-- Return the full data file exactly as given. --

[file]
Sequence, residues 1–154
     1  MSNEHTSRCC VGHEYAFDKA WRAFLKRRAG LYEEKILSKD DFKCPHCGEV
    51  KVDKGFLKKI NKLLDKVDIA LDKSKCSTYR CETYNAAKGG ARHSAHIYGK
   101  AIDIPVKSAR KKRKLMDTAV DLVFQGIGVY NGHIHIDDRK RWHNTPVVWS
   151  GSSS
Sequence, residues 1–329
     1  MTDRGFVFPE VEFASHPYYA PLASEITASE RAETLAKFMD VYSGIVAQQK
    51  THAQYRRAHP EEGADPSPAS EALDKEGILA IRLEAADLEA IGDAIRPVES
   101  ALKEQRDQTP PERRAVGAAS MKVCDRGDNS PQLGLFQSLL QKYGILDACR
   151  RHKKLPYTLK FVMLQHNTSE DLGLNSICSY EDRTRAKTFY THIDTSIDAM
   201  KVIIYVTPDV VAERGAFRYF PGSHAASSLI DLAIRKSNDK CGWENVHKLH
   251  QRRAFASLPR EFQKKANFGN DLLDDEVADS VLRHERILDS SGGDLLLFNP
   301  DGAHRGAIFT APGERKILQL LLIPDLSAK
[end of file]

Sequence, residues 1–154
     1  MSNEHTSRCC VGHEYAFDKA WRAFLKRRAG LYEEKILSKD DFKCPHCGEV
    51  KVDKGFLKKI NKLLDKVDIA LDKSKCSTYR CETYNAAKGG ARHSAHIYGK
   101  AIDIPVKSAR KKRKLMDTAV DLVFQGIGVY NGHIHIDDRK RWHNTPVVWS
   151  GSSS
Sequence, residues 1–329
     1  MTDRGFVFPE VEFASHPYYA PLASEITASE RAETLAKFMD VYSGIVAQQK
    51  THAQYRRAHP EEGADPSPAS EALDKEGILA IRLEAADLEA IGDAIRPVES
   101  ALKEQRDQTP PERRAVGAAS MKVCDRGDNS PQLGLFQSLL QKYGILDACR
   151  RHKKLPYTLK FVMLQHNTSE DLGLNSICSY EDRTRAKTFY THIDTSIDAM
   201  KVIIYVTPDV VAERGAFRYF PGSHAASSLI DLAIRKSNDK CGWENVHKLH
   251  QRRAFASLPR EFQKKANFGN DLLDDEVADS VLRHERILDS SGGDLLLFNP
   301  DGAHRGAIFT APGERKILQL LLIPDLSAK